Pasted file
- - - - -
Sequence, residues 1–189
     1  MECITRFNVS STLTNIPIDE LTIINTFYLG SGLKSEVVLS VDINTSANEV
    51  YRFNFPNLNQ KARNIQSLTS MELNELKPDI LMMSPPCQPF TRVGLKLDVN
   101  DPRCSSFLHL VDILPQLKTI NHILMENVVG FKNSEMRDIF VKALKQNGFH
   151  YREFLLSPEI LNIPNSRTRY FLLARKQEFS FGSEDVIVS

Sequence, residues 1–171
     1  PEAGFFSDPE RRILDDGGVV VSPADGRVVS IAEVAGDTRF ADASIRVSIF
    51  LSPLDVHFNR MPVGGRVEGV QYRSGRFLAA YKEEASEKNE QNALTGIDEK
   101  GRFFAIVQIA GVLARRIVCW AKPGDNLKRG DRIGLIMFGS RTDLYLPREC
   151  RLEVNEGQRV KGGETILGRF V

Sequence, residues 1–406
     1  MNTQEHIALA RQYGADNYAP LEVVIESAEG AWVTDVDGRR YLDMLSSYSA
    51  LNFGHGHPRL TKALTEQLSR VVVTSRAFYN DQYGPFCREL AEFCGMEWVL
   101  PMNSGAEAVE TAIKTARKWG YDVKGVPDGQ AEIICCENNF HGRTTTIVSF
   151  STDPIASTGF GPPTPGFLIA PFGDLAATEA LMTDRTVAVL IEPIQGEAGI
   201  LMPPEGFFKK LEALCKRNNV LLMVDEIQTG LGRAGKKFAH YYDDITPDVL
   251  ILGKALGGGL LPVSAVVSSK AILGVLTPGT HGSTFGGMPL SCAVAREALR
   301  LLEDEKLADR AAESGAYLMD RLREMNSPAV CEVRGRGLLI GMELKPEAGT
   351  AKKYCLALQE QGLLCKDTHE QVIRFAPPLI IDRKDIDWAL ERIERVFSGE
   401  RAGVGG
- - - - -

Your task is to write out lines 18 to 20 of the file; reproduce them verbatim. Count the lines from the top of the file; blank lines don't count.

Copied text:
   301  LLEDEKLADR AAESGAYLMD RLREMNSPAV CEVRGRGLLI GMELKPEAGT
   351  AKKYCLALQE QGLLCKDTHE QVIRFAPPLI IDRKDIDWAL ERIERVFSGE
   401  RAGVGG